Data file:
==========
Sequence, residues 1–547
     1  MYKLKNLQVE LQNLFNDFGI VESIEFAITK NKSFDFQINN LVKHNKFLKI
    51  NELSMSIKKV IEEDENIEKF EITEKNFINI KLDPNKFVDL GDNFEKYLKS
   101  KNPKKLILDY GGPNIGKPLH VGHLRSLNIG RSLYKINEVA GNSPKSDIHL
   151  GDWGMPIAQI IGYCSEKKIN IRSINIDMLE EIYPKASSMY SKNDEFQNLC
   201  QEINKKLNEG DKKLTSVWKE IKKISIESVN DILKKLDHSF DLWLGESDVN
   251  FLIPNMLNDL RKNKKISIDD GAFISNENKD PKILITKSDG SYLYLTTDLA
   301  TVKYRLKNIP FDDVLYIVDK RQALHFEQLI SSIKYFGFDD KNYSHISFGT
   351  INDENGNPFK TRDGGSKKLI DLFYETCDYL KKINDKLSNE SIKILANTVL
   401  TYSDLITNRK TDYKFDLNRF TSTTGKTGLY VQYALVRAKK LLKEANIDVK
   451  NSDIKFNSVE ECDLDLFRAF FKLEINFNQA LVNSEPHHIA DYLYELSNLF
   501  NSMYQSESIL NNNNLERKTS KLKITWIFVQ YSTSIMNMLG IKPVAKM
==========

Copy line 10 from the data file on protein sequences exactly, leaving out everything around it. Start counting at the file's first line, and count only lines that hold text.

   401  TYSDLITNRK TDYKFDLNRF TSTTGKTGLY VQYALVRAKK LLKEANIDVK